• Each folder of the ZIP archive also contains client_id.txt storing a unique ID of the registered user. 

DDosia Application 

The workflow of the DDosia application is straightforward and does not contain any interesting techniques or methods. So, we just summarized the basic aspects of its implementation. 

At the beginning, DDosia reads the client_id.txt file storing the ClientId of the registered user. The first C&C communication sends a list of DDoS targets managed by NoName057(16). DDosia creates worker threads which are used to perform DDoS attacks. The number of threads corresponds to five times the number of logical cores. Similarly, to Bobiks’ attacks, DDoS attacks can be conducted using HTTP, but also on a lower layer via the TCP protocol; the HttpTarget and TcpTarget classes are designed for these attacks. 

Statistical information of each DDosia bot is sent back to the C&C server every minute. The information is identified by the ClientId, and the data contains a list of attacked domains and the number of successful and attempted attacks. A successful attack means that DDosia sends a request to the defined server and receives a response from the server. The communication with the C&C server is unencrypted and unauthenticated, so anyone can easily fake the statistical data and thus win the payout of the day. 

C&C Server 

We found one DDosia C&C located in Russia ⎼ Our Nmap scan discovered three open ports with the following services: 


This port was controlled by the Nginx 1.23.1 web server. There was a web page with the title DosiaBotFront; its design is illustrated in Figure 1. It was the administrator console for the configuration of DDosia bots.

Figure 1. Admin interface of Dosia C&C server 

The next open port was 5001, classified as the commplex-link. A few other scans identified an HTTP service on this port.
The Nmap scan detected that the C&C communication is unencrypted on the HTTPS layer. 

Other ports 

The new results uncovered one thousand opened ports when we repeated the port scan. The attackers want to make the port scan more difficult and time-consuming. 

C&C Server Discussion 

The main DDosia C&C server ( was taken down on December 5, 2022, at 9 AM UTC. However, the group continues to actively post on their Telegram channel, so the group must have another botnet. 

C&C Communication 

The DDosia application has two hard-coded URLs that are used to download and upload data to the C&C server. The first one is used to download a list of domains (targets) that will be attacked, the second one is used for statistical reporting. 

  • Get targets: hxxp://109.107.181[.]130:5001/client/get_targets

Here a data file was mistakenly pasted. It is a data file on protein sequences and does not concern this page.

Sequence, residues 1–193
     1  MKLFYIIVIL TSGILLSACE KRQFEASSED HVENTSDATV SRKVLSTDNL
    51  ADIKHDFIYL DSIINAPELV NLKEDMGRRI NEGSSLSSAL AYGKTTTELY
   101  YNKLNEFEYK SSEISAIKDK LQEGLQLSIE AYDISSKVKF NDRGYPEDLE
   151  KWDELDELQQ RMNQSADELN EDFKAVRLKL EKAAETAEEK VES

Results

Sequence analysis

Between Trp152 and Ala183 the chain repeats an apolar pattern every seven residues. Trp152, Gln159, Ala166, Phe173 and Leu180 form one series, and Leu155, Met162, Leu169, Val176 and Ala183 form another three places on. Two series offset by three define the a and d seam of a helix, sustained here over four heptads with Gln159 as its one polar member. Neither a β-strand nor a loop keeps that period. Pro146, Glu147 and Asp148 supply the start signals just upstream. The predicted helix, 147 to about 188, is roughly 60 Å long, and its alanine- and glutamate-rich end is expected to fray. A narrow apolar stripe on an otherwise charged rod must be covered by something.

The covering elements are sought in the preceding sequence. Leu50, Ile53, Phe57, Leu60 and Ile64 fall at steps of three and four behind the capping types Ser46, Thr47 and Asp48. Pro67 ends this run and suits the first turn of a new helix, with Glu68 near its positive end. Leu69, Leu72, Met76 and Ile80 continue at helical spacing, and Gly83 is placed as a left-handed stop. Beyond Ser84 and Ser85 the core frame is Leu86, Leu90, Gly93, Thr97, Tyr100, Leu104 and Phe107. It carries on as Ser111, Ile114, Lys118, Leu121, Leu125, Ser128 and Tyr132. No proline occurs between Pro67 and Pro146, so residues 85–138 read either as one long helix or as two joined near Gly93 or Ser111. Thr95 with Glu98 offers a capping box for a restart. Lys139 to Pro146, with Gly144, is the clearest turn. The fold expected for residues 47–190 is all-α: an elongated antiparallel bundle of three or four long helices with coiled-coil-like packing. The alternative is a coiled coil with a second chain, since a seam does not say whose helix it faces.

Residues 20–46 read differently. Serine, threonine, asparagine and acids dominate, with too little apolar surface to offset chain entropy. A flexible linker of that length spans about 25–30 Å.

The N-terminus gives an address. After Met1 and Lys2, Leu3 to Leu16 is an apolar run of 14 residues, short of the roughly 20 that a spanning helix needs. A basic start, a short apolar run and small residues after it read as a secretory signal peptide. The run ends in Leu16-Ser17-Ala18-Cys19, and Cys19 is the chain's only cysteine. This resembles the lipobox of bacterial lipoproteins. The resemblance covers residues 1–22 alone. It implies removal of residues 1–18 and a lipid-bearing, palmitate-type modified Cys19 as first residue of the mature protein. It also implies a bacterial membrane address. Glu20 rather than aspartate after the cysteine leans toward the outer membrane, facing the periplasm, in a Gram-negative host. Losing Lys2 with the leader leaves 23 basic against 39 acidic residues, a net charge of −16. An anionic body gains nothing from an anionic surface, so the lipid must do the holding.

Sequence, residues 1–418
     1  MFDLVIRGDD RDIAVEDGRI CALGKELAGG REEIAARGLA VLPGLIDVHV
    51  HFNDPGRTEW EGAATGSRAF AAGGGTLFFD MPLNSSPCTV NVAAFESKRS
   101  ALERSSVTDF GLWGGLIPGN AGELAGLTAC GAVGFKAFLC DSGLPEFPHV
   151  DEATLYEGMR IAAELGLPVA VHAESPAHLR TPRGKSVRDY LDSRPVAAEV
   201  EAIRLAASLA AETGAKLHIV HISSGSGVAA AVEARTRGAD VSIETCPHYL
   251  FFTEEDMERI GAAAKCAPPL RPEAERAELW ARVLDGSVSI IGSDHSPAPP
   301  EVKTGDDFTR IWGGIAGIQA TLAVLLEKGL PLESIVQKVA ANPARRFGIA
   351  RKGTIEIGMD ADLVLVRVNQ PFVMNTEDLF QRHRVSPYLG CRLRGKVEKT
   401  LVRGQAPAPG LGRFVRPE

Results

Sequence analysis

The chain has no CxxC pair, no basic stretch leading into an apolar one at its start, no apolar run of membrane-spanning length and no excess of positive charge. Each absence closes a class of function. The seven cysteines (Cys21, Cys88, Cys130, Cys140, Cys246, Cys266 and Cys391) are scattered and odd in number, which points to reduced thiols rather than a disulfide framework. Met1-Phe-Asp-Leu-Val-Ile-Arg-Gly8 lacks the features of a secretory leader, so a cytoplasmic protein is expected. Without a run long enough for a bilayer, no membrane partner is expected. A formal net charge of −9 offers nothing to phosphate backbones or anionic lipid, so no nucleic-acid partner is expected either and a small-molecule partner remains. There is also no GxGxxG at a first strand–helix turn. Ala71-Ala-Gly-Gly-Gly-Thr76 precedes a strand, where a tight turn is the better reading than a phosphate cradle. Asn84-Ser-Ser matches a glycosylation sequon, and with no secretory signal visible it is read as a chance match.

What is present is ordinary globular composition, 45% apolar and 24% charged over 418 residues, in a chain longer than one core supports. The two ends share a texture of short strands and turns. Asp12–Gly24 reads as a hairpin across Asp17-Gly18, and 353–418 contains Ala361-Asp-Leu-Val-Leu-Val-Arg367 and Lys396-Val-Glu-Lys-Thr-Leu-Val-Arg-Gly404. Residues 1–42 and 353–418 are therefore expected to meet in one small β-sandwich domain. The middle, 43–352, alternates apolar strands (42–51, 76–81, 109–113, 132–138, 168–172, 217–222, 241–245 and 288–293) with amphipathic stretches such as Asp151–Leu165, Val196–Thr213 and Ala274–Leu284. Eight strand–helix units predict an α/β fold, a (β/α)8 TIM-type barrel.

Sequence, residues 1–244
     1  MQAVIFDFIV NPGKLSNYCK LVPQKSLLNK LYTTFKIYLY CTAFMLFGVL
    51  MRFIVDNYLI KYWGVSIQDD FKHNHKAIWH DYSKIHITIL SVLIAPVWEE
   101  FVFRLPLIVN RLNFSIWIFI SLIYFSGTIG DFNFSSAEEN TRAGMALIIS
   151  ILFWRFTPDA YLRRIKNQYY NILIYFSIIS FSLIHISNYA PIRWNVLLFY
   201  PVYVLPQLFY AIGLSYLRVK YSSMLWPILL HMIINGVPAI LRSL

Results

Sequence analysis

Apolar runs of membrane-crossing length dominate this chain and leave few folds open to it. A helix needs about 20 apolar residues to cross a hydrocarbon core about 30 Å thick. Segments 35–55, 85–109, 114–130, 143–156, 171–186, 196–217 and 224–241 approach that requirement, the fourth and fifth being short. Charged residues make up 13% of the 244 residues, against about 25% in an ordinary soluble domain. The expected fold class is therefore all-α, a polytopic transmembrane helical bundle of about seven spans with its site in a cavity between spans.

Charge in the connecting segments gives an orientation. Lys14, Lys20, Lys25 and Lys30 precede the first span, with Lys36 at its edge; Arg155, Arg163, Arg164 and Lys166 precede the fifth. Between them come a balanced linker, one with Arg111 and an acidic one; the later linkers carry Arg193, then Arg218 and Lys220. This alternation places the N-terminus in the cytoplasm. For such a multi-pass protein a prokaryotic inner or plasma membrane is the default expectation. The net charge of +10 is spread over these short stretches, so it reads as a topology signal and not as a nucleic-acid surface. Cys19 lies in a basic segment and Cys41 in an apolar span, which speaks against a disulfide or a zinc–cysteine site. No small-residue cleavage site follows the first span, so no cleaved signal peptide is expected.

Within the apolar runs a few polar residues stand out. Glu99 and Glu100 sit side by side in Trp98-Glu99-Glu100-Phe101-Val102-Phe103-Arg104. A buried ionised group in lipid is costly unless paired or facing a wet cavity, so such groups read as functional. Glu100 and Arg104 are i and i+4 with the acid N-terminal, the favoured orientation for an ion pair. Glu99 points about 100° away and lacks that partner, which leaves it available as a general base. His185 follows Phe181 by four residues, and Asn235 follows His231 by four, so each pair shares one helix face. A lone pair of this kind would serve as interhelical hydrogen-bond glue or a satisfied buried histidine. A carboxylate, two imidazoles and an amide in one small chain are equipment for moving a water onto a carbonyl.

• Send statistical information: hxxp://109.107.181[.]130:5001/set_attack_count 

The list of targets is sent as an uncompressed and unencrypted JSON file. There are two items: targets and randoms. The former contains approximately 20 properties that define DDoS targets; each target is described via several attributes: id, type, method, host, path, body, and more. The latter describes how random strings will look via fields such as: digit, upper, lower, and min/max integer values; see Figure 2

DDosia generates random values at runtime for each attack. The reason is straightforward; the attackers want to randomize HTTP requests and make each HTTP request unique for a better success rate. The randoms replace placeholders in the path or body of the target definition, and their positions are located using this definition $_{number}, as Figure 2 demonstrates. 

Figure 2. JSON file download from C&C server


The DDosia project is not classified as common malware, as people execute the application voluntarily. Nevertheless, we actively detect the DDosia application, but the number of hits approaches zero in the limit. 

Our telemetry shows only a handful of detections related to DDosia. However, we registered many exceptions that our users added to their Avast Antivirus. The most notable exceptions are from Russia, namely St. Petersburg, Moscow, Seversk, Tyumen, Pudomyagi, and Rostov-on-Don. Other countries we observed using adding the project to their exceptions are Canada (Toronto), and Germany (Berlin). 


One DDosia “hero” can generate approximately 1,800 requests per minute using four cores and 20 threads. Naturally, the speed of request generation depends on the attacker’s internet connection quality. The project currently has approximately 1,000 members. Let’s assume at least half of the users are active, then the total count of requests to defined targets can be up to 900,000 req/min. This can be enough to take down web services that do not expect heavier network traffic.